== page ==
Corn planting begins in Isle of Wight, despite depressed grain prices

A large strip-till rig tractor rumbled over a 50-acre field in Isle of Wight County Wednesday afternoon.

Farmer Rex Alphin watched as it combed over rows of soil, tilling, fertilizing and finally planting seeds 2 inches under the surface. Most farmers in the county will begin planting their corn next week, when weather forecasts predict temperatures in the high 60s. Alphin needs to plant about 1,100 acres of corn this season, and time is of the essence.

"We might be the first ones in Isle of Wight County planting corn," Alphin said as his 6-year-old grandson, Milo Lewis, investigated the freshly planted seeds behind him. "We've just got so far to go, and when the weather gets right, we got to roll."

For Alphin, who is also chairman of the county Board of Supervisors, once the first planting begins, there is no stopping. He will likely plant his corn, peanuts and cotton all by May 15.

"Once you put your first seed in the ground, everything changes," Alphin said. "The pressure is on."

Isle of Wight County farmers planted 12,000 acres of corn last year, according to data from the United States Department of Agriculture. The past couple of years in the county were good for corn, according to Marc Hathaway, grain merchandiser for Scoular in Windsor, which manages supply chain risk for customers in food, feed and renewable fuel markets. The county exceeded average yields in corn the past two years, he said.

The main challenge this year for Isle of Wight corn farmers is a dropping price in grain, he said.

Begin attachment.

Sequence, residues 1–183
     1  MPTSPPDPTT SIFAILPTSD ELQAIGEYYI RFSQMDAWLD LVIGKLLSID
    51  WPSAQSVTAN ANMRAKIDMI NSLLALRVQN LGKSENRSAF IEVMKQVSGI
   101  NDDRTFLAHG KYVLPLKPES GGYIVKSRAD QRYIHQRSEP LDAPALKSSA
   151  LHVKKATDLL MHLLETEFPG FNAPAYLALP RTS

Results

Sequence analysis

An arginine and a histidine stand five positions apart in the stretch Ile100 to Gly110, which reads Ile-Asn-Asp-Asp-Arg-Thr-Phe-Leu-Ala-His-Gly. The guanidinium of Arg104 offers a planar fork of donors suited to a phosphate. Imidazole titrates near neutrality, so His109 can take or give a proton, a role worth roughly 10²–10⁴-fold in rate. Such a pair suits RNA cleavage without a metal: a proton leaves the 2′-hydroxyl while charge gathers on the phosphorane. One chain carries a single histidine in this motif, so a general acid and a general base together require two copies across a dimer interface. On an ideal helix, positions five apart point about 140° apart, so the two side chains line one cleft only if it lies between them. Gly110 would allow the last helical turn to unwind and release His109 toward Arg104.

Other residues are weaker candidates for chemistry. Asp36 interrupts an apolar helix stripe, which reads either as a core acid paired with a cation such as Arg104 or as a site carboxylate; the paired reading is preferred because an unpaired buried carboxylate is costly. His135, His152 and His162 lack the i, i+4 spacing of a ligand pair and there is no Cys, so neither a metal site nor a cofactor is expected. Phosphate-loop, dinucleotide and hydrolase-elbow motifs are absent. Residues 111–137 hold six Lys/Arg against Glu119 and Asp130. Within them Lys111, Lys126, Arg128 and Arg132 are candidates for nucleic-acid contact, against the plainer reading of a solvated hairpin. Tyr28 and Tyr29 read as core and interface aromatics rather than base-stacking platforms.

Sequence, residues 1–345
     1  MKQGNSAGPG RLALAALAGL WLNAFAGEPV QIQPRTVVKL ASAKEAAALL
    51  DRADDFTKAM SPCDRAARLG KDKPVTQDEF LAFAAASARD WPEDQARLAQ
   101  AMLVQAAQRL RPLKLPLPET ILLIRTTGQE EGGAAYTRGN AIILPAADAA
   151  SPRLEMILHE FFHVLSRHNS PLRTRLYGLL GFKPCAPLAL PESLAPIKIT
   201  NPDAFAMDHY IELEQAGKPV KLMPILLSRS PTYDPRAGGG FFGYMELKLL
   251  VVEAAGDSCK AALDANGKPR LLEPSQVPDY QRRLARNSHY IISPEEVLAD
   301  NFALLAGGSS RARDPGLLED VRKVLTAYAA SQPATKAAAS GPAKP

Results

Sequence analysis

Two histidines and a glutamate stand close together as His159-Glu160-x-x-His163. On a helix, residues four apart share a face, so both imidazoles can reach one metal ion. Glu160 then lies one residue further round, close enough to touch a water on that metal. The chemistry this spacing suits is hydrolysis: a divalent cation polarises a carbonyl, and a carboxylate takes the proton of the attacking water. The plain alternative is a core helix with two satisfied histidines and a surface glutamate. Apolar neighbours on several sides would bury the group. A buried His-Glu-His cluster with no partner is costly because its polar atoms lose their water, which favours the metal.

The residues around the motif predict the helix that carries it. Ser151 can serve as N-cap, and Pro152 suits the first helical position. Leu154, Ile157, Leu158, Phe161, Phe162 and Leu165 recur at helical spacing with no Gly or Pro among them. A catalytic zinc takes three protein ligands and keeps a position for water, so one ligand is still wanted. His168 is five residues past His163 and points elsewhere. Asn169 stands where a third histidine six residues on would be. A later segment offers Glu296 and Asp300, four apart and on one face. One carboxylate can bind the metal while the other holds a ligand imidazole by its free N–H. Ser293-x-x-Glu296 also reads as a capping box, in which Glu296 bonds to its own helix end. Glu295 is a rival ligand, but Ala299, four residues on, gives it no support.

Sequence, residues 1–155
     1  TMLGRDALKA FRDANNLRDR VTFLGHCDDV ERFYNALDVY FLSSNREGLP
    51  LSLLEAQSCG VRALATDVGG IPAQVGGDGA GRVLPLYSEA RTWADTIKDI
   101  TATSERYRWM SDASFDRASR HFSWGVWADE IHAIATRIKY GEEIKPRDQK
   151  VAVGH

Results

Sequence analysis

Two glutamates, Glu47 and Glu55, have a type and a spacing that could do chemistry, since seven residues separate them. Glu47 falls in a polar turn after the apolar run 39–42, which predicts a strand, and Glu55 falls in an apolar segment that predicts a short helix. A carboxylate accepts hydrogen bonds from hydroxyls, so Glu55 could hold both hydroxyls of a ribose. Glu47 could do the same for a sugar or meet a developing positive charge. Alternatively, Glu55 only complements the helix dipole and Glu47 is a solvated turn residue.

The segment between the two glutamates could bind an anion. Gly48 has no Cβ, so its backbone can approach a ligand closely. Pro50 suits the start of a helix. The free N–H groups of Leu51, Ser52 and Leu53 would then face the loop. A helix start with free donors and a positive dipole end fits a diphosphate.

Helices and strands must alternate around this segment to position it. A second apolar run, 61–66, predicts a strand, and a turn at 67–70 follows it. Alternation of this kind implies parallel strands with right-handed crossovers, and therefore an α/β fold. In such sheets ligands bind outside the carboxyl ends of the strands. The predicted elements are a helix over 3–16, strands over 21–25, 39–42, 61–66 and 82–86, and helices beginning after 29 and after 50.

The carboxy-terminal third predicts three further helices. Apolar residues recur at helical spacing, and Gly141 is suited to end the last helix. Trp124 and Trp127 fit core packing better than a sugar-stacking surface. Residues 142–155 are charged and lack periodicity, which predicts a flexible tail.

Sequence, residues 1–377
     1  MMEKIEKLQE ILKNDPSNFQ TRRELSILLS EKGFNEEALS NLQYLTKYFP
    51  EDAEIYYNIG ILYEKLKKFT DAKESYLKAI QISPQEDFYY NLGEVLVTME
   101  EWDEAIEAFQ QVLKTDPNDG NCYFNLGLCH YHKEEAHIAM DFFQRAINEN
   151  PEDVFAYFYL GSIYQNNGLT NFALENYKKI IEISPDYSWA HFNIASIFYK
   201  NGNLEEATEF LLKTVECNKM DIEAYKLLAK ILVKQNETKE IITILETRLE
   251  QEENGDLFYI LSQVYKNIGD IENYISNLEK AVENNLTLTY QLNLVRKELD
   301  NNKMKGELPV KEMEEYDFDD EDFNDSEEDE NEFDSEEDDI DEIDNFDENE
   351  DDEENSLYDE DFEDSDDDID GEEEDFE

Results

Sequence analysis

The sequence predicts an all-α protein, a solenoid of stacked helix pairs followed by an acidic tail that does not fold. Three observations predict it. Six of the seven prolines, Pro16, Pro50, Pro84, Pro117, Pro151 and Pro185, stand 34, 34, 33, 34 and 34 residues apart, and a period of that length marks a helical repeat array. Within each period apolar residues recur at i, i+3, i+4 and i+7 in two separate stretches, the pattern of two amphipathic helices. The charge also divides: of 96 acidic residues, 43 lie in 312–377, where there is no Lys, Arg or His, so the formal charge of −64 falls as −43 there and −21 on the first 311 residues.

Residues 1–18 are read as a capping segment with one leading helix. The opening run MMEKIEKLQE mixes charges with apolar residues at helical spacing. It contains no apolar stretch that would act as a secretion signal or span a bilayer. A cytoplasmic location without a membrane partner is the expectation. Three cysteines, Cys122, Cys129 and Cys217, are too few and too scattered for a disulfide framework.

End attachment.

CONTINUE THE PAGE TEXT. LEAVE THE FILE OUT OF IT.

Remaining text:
"The biggest issue (Isle of Wight farmers) are going to face in the coming year is depressed grain prices, with global stocks putting pressure on the Chicago Board of Trade," Hathaway said.

Still, farmers in the area seem to be staying the course with their corn acreage, not deviating much higher or lower than last year, he said. Janet Spencer, an agricultural extension agent for the county, said farmers in the county aren't facing any dire weather conditions, although the soil is a bit dry for the time of year.

Hathaway and Spencer said if the warm weather forecasts hold, farmers will likely be planting corn next week.

Pete Edwards, who lives off Central Hill Road, said he will be one of these farmers — "most likely. If the warmer weather holds. And the long-range forecasts looks pretty good."

Edwards isn't particularly excited about this year's corn season because of the low prices, he said. But planting will begin nonetheless. He will take special care during July, when the vegetable is at its most vulnerable, and any type of weather disruption can permanently damage the crop, he said.

To Alphin, who's been farming for four decades, each year is a clean slate. Besides, he said, the uncertainty of farming is part of its charm.

"There's something about a vocation where most of it is not in the hands of men," Alphin said. "You seem connected to a power outside yourself."

Smith can be reached by phone at 757-510-1663.

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